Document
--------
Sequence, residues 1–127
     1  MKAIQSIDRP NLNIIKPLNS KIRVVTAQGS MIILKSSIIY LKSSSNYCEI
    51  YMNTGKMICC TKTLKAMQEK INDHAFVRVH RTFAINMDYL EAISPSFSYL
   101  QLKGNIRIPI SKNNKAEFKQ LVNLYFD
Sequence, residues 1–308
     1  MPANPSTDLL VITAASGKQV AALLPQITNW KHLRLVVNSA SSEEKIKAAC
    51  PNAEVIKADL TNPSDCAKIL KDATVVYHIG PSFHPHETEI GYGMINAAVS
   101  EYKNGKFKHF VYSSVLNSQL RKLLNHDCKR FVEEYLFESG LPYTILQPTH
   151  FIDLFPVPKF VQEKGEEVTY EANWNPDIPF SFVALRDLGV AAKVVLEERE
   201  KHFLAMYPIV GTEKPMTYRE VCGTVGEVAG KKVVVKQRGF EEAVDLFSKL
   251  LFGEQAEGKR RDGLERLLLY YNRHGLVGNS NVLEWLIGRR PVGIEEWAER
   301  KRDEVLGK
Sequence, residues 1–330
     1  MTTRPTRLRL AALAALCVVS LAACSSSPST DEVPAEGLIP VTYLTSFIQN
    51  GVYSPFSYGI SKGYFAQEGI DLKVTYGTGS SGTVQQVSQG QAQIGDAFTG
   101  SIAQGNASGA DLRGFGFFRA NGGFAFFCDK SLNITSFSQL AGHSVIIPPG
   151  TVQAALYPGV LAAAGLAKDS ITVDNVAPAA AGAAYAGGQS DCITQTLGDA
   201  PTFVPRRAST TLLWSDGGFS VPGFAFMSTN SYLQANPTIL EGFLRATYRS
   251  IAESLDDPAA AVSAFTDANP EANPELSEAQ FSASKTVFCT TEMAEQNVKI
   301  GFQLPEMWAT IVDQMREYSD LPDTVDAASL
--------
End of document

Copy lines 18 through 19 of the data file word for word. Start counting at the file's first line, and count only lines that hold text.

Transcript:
   201  PTFVPRRAST TLLWSDGGFS VPGFAFMSTN SYLQANPTIL EGFLRATYRS
   251  IAESLDDPAA AVSAFTDANP EANPELSEAQ FSASKTVFCT TEMAEQNVKI